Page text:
Democratic Gov. Tony Evers Wednesday walked back a vow he made to withdraw the state from the Affordable Care Act lawsuit less than 24 hours after making the commitment in his first State of the State address.
“The governor has not directed the attorney general to take any specific course of action, he has simply withdrawn his authority for this lawsuit,” Evers spokeswoman Melissa Baldauff said in a statement.
Evers’ reversal comes after the release Wednesday of a memo from the nonpartisan Legislative Reference Bureau that splashed cold water on the governor’s plans to withdraw Wisconsin from an ongoing multi-state lawsuit seeking to invalidate the ACA.
The memo, sent to Senate Majority Leader Scott Fitzgerald, R-Juneau, states there is no legal way for the new governor to fulfill his campaign promise to withdraw the state from the suit.
“There is thus no provision … allowing the governor to request, require or approve the attorney general to compromise or discontinue an action,” LRB attorney Sarah Walkenhorst wrote. “It is only the Joint Committee on Finance that has the authority to approve any compromise or discontinuance of an action in which the attorney general’s participation was requested.”
Evers in Tuesday’s State of the State address clearly stated he would seek to end the state’s participation in the lawsuit.
“I’m announcing tonight that I have fulfilled a promise I made to the people of Wisconsin by directing Attorney General Josh Kaul to withdraw from a lawsuit that would gut coverage for the 2.4 million Wisconsinites who have pre-existing conditions,” Evers said in his address.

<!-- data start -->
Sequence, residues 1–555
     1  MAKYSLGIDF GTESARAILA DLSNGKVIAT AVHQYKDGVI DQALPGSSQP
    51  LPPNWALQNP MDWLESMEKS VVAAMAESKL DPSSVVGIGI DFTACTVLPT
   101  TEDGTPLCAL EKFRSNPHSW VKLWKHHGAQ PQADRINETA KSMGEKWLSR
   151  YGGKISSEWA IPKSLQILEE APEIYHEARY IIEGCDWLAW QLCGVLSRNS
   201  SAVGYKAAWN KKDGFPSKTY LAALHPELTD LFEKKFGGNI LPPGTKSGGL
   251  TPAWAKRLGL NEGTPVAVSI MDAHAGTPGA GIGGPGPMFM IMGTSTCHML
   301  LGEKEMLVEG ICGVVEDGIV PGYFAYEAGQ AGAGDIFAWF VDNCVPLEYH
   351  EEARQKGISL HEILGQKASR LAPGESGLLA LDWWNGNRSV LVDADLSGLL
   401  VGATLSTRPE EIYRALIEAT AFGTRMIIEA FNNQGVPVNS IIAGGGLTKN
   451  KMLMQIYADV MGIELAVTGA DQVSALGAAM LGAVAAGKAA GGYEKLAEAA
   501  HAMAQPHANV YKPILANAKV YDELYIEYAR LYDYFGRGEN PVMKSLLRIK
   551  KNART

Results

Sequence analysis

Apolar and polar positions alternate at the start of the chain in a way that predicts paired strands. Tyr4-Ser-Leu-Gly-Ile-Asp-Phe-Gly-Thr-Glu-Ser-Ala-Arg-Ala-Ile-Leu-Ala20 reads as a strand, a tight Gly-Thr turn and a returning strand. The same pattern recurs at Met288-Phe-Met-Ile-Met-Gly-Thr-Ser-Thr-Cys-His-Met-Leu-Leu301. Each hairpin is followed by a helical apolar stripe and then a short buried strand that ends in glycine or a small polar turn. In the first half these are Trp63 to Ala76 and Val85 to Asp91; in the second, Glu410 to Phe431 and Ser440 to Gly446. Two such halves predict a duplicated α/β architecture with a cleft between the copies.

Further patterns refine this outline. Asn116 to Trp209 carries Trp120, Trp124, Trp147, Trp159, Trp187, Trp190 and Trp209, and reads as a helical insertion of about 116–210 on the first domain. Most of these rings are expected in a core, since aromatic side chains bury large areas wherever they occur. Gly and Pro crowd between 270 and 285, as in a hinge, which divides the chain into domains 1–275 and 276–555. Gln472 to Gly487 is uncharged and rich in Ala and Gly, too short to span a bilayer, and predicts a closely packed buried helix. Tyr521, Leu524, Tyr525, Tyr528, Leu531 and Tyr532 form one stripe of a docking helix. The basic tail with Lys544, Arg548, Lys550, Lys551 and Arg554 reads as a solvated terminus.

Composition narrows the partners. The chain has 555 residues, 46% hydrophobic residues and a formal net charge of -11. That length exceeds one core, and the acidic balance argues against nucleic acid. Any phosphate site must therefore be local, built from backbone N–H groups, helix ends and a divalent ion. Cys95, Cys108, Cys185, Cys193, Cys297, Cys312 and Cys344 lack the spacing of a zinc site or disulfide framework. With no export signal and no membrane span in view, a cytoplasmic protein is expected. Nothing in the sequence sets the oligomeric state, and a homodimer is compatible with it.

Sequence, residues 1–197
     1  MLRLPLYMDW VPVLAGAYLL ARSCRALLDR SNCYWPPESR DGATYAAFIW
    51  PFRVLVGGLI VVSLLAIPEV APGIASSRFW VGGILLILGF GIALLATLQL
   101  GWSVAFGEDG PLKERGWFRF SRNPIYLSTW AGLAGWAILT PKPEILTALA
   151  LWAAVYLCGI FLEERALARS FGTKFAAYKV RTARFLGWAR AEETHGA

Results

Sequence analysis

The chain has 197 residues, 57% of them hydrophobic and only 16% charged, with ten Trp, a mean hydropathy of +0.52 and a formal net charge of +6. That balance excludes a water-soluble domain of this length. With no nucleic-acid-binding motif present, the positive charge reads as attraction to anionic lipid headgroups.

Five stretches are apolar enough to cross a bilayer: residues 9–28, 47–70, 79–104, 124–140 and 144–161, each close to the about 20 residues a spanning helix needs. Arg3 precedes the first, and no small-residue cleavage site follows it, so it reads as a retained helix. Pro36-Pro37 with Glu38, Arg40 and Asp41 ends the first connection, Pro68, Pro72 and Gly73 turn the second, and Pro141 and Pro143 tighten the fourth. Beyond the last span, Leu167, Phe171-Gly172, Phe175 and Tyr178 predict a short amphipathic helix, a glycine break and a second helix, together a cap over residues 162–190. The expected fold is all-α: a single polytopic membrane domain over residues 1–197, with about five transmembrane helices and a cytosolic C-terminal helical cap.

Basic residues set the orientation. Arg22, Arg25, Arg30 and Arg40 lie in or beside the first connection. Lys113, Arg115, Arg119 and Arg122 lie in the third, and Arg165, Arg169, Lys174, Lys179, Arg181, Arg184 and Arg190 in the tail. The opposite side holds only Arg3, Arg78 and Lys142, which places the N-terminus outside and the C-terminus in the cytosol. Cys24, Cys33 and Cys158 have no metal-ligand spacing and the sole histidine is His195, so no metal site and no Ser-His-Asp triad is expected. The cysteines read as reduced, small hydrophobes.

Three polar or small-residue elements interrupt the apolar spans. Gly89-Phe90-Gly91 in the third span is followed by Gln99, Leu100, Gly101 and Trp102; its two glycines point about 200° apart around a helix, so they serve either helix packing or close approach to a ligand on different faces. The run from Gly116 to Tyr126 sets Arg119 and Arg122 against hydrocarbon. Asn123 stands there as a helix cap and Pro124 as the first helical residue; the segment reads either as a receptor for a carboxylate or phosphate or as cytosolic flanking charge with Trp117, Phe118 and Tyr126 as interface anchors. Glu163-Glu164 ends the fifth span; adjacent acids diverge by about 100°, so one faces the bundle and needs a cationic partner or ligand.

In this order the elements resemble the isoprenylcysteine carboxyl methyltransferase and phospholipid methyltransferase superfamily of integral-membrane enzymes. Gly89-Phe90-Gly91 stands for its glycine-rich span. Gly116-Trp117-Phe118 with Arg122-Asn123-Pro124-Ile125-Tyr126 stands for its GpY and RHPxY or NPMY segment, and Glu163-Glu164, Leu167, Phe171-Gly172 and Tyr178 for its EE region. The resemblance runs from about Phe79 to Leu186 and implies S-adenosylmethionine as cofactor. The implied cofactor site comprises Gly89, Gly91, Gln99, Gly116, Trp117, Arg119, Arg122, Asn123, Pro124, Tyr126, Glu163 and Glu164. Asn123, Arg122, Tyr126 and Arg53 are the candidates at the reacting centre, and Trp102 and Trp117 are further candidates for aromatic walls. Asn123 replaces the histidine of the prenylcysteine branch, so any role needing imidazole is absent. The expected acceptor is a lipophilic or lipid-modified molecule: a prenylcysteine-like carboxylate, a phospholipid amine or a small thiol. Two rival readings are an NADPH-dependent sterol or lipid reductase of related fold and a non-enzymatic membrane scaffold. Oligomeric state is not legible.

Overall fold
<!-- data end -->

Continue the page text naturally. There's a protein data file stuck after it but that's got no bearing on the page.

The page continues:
Evers’ proposal drew immediate ire from Republicans, who described the potential move as an illegal action.
“If you’re going to direct the top cop in Wisconsin to take an illegal action, I think everybody should be concerned,” said Assembly Majority Leader Jim Steineke, R-Kaukauna, after Evers’ speech.
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Assembly Speaker Robin Vos, R-Rochester, late Wednesday took to social media to scold Evers.
“This was the story statewide today and now after it’s found to be illegal they are saying they never said it?” he wrote on Twitter.
Evers used different wording in a letter to Kaul, stating, “I am immediately withdrawing the authority previously provided under (state law) for Wisconsin to participate in litigation over the Affordable Care Act.”
Under previous law, Evers would have had the authority to withdraw the state from the suit. But that all changed after Republicans in December passed their controversial lame-duck law, which eliminated the governor’s ability to remove the state from lawsuits without legislative approval.
Kaul after the State of the State address declined to provide detail on if and how he would withdraw the state from the lawsuit, except to say that the Department of Justice would remain consistent with the law.
A Kaul spokeswoman did not respond to a request seeking comment on whether Kaul is still reviewing options to get out of the lawsuit.
UW-Madison law school professor Miriam Seifter said there are two legal theories that might explain Evers’ instruction to Kaul.
Evers or Kaul could argue the provision in the lame-duck law requiring Joint Finance Committee approval to withdraw is unconstitutional.
Or, they could argue the law doesn’t apply to a withdrawal from the suit.
Because Wisconsin and other challengers won in the federal district court in Texas, the next step is the appeal, which will move forward whether or not Wisconsin participates.
“There might be disagreement about exactly which types of litigation decisions fall within the phrase ‘compromised or discontinued,’” Seifter said.